700 BLISS ~ Nothing To Declare

“I don’t like 700 BLISS… they’re always talking about the end of the world… it’s so dark… is this even music?” (700 BLISS, “Easyjet”)

“Is this even music?” is probably a comment you have heard in the past, whether it is from a friend, a parent, or an audience member. You may have thought it yourself, possibly around the time “Baby Shark” was taking off. It is possible, if you prefer our coverage of modern composition and ambient albums, that you may tear your headphones off after a preview of 700 BLISS and say the same thing. Producer DJ Haram takes no prisoners with her creations – sometimes it feels like she has cranked up all her instruments, so they live in the red rather than making the occasional visit for effect. It’s noisy and gnarly at times; the drums can feel relentless, the bass equally ferocious. There is a punk attitude to these tracks; Haram pulls in ideas from a myriad of influences – hip hop, noise, free jazz – to dazzle and bewilder the listener in equal amounts.

If the music seems designed to continually keep us off-balance, operating in short bursts (few tracks last over 3 minutes), it is a perfect backing for Moor Mother. Her lyrics and poetry over Haram’s productions do not make for comfortable listening, but they are impossible to shut out. We have mentioned Moor Mother in passing over the years, although as we are a predominantly instrumental music website, we’ve never previously reviewed her work. But we have the word ‘experimental’ in our site description, and Nothing To Declare fits that part of the remit. Some artists are just impossible to ignore, and Moor Mother is arguably one of the most vital voices in music today. She has collaborated across many projects, covering multiple styles – if this album doesn’t grab you, there are several other albums to explore.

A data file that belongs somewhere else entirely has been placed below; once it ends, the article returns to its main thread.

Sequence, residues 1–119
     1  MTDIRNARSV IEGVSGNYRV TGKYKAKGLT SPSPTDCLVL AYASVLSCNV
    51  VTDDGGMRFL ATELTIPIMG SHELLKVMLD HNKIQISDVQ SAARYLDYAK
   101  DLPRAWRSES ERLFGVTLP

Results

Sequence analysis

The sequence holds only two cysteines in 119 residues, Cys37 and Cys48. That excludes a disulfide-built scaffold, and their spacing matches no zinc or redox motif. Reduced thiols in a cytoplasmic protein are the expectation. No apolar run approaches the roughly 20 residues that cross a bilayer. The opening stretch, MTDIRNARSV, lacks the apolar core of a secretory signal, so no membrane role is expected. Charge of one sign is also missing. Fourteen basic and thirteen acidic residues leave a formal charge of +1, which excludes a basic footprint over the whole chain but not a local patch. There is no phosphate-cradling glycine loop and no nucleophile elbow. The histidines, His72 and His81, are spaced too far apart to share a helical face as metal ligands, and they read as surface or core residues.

Moor Mother has spoken previously about wanting to find a wider audience, which is why her work touches on many genres. Her exploration of Black history and experience should be listened to by as many people as possible, not just in the US. So, she gracefully pirouettes between collaborators and then unleashes her message. This project with DJ Haram began in Philadelphia in 2014, with the Spa 700 EP arriving in 2018 – the roots here run deep, and it is not a question of laying vocals over an instrumental backing: the music shifts in empathy, the voices are often processed and bent out of shape. Crucially, Nothing To Declare entertains and informs. “Anthology” pays tribute to Katherine Dunham, the matriarch of Black dance – by contrast, “EasyJet,” quoted above, sees the duo pre-empting any criticism via a dialogue between unconvinced listeners. It’s a moment of levity that shows 700 BLISS appreciate that an album’s worth of intense music and lyrics might need a break at times.

Nothing To Declare is an album with an intense rush, both musically and lyrically; the ideas fly out so quickly that it is impossible to catch them all in one listen. Each new play reveals elements that zipped by unnoticed on a previous spin. The message is vital, and the production dazzles. “Is this even music?” Yes. And it’s brilliant. (Jeremy Bye)

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